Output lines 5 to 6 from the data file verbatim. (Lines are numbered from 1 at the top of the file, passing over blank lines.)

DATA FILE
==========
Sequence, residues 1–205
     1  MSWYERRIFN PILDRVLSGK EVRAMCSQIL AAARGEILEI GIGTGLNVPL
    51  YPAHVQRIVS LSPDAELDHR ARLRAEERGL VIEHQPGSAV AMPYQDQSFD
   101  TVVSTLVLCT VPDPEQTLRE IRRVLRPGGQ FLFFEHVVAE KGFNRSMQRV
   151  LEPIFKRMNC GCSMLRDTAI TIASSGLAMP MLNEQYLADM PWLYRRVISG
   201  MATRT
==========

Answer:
   151  LEPIFKRMNC GCSMLRDTAI TIASSGLAMP MLNEQYLADM PWLYRRVISG
   201  MATRT